We are young

We are young - image for article by Greg Alder

Don’t talk to me about growing old.

Don’t talk to me about aches you never used to have.

Don’t talk to me about noises your body now makes when you move.

Don’t talk to me about the pills you’re on for your blood pressure.

Don’t talk to me about your medical procedures, your MRIs and colonoscopies.

Don’t talk to me about the good old days.

Don’t talk to me about the missed opportunities of your youth.

Don’t talk to me about the kisses not kissed, the loves not loved.

Don’t talk to me about the countries you wish you had visited.

Don’t talk to me about the languages you wish you had learnt.

Don’t talk to me about the instrument you wished you had learnt to play.

Don’t talk to me about the sports you never tried.

Don’t talk to me about the career you wish you had pursued.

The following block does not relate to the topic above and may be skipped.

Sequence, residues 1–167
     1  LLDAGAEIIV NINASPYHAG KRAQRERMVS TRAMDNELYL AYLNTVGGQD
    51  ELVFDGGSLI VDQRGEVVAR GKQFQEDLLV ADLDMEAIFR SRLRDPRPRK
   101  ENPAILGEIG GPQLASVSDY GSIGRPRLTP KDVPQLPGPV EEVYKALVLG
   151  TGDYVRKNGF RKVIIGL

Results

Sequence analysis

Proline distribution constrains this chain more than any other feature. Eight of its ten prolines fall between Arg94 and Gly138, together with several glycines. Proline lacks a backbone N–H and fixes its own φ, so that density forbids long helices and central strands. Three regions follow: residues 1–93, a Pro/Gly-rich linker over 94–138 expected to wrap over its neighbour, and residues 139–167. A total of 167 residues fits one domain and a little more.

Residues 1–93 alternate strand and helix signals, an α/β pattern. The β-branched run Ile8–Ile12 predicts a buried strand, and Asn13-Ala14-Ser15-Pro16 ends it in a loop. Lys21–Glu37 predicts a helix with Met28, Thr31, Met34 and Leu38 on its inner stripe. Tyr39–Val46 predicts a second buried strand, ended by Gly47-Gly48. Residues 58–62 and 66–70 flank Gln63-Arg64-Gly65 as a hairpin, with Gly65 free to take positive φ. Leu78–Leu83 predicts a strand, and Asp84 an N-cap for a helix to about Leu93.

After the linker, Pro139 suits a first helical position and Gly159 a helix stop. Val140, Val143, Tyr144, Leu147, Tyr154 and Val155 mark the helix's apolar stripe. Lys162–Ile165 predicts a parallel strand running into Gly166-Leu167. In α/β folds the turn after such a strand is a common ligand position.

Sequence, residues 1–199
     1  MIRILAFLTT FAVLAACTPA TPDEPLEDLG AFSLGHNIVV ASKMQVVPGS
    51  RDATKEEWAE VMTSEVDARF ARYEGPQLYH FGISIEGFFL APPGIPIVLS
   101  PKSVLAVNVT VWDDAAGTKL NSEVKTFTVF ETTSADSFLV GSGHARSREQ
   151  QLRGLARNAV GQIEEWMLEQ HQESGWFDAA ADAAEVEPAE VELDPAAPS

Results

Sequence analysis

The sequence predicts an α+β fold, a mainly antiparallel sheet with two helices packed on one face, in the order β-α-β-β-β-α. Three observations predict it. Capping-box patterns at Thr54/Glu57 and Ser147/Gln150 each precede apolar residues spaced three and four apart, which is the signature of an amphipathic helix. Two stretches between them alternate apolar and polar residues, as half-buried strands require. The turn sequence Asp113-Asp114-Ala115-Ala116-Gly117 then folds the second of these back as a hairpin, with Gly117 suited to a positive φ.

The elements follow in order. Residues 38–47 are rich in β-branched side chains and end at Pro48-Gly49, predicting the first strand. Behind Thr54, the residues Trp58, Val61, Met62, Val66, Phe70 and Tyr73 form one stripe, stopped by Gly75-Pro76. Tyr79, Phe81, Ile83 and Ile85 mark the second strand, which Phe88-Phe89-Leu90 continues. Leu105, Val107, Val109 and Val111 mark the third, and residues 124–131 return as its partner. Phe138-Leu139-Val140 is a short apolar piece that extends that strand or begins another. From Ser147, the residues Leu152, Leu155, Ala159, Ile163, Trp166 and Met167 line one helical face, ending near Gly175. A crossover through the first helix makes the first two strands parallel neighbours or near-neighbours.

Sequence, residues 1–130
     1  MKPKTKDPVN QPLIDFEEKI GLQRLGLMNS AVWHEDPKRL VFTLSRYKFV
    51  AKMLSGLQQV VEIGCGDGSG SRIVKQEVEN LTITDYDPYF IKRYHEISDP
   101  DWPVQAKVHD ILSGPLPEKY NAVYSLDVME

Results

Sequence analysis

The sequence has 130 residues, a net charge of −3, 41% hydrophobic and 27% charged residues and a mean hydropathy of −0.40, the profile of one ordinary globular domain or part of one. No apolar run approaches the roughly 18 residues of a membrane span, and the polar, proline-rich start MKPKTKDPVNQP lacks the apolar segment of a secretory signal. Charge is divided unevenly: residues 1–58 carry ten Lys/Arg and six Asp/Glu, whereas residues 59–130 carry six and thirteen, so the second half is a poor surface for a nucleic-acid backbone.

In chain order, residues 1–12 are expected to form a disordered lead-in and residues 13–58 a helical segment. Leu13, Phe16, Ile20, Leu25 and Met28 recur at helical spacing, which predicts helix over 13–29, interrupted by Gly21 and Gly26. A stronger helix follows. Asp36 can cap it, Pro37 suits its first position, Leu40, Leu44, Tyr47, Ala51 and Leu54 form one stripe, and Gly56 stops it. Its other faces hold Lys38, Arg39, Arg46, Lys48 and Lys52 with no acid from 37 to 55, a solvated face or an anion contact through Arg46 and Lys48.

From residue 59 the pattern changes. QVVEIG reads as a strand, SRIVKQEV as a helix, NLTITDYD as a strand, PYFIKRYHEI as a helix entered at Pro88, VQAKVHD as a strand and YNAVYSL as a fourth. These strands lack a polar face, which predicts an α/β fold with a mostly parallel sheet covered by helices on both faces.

Don’t talk to me about the job offer you wish you had accepted.

Don’t talk to me about the shares you wish you had bought.

Don’t talk to me about the big idea you never developed.

Don’t talk to me about ageism.

Don’t talk to me about how it’s unfair that others think you’re too old.

Don’t talk to me about how YOU think you’re too old.

Don’t talk to me.

Just don’t.

Age? I know ancient 18 year olds and zestful 90 year olds.

If your body aches, exercise. If you need a medical procedure, make it an exception. Do it, but don’t talk about it.

Missed opportunities? There are still kisses to be kissed at any age. Those unvisited countries are still there. Those languages and instruments and sports haven’t gone anywhere.

If one career opportunity has long gone, dozens have emerged to replace it.

Want to study philosophy at 80? Tertiary institutions will welcome you.

Want to build a startup at 60? Research shows that your maturity improves your startup’s chance of success.

At school, a teacher chastised one of my classmates: “For god’s sake, Drevikovsky, act your age.”

Drevikovsky’s response was perfect: “Why, sir?”

Too many of us have fallen into the trap of believing that we are old. We have succumbed to society’s ideas of how someone our age should think and dress and behave.

We need to repeat three words until we believe them:

We are young.

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